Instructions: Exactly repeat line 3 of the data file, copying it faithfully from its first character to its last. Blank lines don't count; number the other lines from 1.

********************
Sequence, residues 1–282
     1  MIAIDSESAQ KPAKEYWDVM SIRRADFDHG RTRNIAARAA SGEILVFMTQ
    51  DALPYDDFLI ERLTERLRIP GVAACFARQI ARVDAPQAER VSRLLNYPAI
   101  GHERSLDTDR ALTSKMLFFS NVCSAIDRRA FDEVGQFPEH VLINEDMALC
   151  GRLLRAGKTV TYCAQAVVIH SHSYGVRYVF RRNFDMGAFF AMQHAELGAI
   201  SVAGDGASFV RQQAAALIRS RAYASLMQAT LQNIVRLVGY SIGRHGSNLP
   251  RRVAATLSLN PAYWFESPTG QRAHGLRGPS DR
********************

    51  DALPYDDFLI ERLTERLRIP GVAACFARQI ARVDAPQAER VSRLLNYPAI